An October report, Assessment of Green Recovery Plans after Covid-19 , modelled Green Recovery plans globally and for the EU, Germany, Poland, Spain, the UK, USA, Japan and India. In all cases, the Green Recovery Plan produced the best results measured for GDP growth, employment impacts and emission reductions . The report assessed two paths to recovery, both of which have equal cost to government: 1. a ‘return to normal’ approach by reducing VAT rates and encouraging households to resume spending; and 2. a ‘Green’ Recovery Plan that included a smaller reduction in VAT, but included public investment in energy efficiency and in upgrading electricity grids; subsidies for wind and solar power; a car scrappage program with subsidies for electric vehicles; and a tree planting program. The report was commissioned by the We Mean Business coalition and conducted by Cambridge Econometrics in the U.K.
Another report was announced in an October 28 press release: Technical Report: The Case for a Green and Just Recovery, commissioned by the C40 Global Mayors COVID-19 Recovery Task Force. This report (with details of methodology here), estimates that investing COVID stimulus funds in green solutions would create 50 million jobs, prevent 270,000 premature deaths, and deliver $280bn in economic benefits globally. Expressing concern that, “to date, only 3 – 5% of an estimated US$12 – $15 trillion in international COVID stimulus funding is committed to green initiatives”, the C40 Task Force issued a Call to Action for national governments, international institutions, businesses and world leaders. Noting that timing is consequential, the Task Force calls for “decisive climate action before COP26” , to embrace the principles of the Global Green New Deal coalition – turning away from “business as usual”, ending all public investments in fossil fuels, and pledging to reach carbon neutrality by 2050.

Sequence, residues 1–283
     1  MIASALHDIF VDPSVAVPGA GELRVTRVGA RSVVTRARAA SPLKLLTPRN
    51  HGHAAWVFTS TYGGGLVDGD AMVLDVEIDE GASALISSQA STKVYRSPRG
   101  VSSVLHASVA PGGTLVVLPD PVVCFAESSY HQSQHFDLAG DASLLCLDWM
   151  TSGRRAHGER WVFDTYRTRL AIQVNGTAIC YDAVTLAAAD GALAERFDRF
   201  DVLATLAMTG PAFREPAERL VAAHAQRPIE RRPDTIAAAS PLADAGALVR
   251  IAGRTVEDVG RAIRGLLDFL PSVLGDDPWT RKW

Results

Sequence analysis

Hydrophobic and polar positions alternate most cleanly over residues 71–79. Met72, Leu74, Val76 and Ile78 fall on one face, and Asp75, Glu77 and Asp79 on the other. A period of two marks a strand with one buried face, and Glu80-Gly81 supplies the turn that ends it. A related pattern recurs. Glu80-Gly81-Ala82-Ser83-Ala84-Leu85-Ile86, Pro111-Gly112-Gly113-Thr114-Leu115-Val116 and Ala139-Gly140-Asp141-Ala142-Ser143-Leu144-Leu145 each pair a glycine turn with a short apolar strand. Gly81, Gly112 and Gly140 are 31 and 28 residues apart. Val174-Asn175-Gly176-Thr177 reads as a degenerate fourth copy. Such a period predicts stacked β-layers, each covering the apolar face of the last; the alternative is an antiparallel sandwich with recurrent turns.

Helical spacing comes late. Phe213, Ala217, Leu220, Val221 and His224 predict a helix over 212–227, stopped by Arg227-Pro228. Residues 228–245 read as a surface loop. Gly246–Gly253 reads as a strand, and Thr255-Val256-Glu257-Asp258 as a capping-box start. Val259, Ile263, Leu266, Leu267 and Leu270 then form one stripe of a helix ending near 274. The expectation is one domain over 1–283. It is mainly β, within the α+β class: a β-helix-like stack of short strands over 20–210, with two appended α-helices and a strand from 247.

The C40 Mayors’ Agenda for a Green and Just Recovery was launched in July, with support from civic society, labour unions and youth activists. A detailed Implementation Guide was released in June with specific strategies.
An optimistic view: Green Stimulus Funds can take us to 1.5C
Finally, “How the coronavirus stimulus could put the Paris Agreement on track” appeared in Carbon Brief , summarizing “Covid-19 recovery funds dwarf clean energy investment needs” , an academic article published in the journal Science – (restricted access). The authors of the article argue that if just a fraction of Covid-19 fiscal stimulus – around 10% – was invested every year, it would be sufficient to fund the clean energy transition. “Together with the $300bn annual increase into low-carbon energy, investments into fossil fuels need to be reduced by $280bn per year for a Paris compliant pathway”. The optimistic conclusion: “In very concrete terms, our analysis shows that the more ambitious goal under the Paris Agreement of limiting global warming to 1.5C is still within reach. Decisive leadership, swift action and sound use of scientific advice seems to be a good recipe for coping with both the Covid-19 crisis and our warming climate.”